REALITY CHECK. When you're not there ... the money stops.
Why I Left Medicine: A Burnt-Out Doctor’s Decision To Quit
Dr. Diane Shannon — plagued by constant worry about her patients and fear of medical errors — walked away from a career as a physician. (Courtesy)
"When I introduce myself as a physician who left clinical practice, non-physicians ask me why I left. They’re generally intrigued that someone who sacrificed many years and many dollars for medical training would then change her mind. But physicians, almost universally, never ask me why I left. Instead, they ask me how. They call and email me with logistical questions, wanting to learn the secret of how I managed the transition out of clinical medicine (read “escape”).
The suicide rate among women physicians is more than two times that of women in the general population.
"It may be dramatic and self-serving to frame my career change as a way to avoid suicide, but I can attest that medicine was not conducive to my health. As an internist, working in adult outpatient clinics around Boston, I had trouble leaving my work at work. I’d go for a run and spend the entire 30 minutes wondering if I’d ordered the right diagnostic test. I suffered from chronic early morning wakening, even on my weekends off. I startled easily. I found it impossible to relax. I worried constantly that I’d make a mistake, like ordering the wrong dosage of a medication, or that a system flaw, like an abnormal lab report getting overlooked, would harm a patient. I no longer remembered the joy I’d felt when I first began medical school, and I couldn’t imagine surviving life as a doctor...."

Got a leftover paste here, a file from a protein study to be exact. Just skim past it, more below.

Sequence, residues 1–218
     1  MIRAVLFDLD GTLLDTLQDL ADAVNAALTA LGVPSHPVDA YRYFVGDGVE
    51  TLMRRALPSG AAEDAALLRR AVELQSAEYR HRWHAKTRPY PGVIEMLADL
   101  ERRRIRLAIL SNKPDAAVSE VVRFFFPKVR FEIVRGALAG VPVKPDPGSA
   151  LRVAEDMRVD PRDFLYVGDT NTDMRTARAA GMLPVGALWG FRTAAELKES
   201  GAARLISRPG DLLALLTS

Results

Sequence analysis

MEDICAL PROFESSION OVERLOAD
Everything changed when Congress enacted the national health law. Key change of course was the potential tsunami of newly insured patients. This not only flooded the deliver system but put enormous additional pressure on the already over extended healthcare providers.
The system for decades has had a workforce shortage so has not been prepared to meet effectively this overload. The fact is, it takes years to train new physicians, nurses and other professionals. The need is overwhelming.
In addition to this problem, the estimated 2.8 million registered nurses (RNs) and the 985,375 physicians currently working, one-third will likely retire in the next decade. Workforce projections anticipate a critical shortage of between 91,500 to 130,000 physicians and the need for an additional 300,000 to 1.2 million registered nurses by 2020.
What does this mean to healthcare professionals in general? If nothing else, time is against them. They cannot meet the demand that is being thrust upon them? It's time for a reality check. What will they do when their energy — and time runs out? When their time stops, their money stops. That's reality.
A 2012 study found that almost half of the practicing physicians surveyed had one or more symptoms of burnout. An online poll in the same year of more than 24,000 physicians found that only 54 percent would choose medicine again as a career, compared with 69 percent in 2011.
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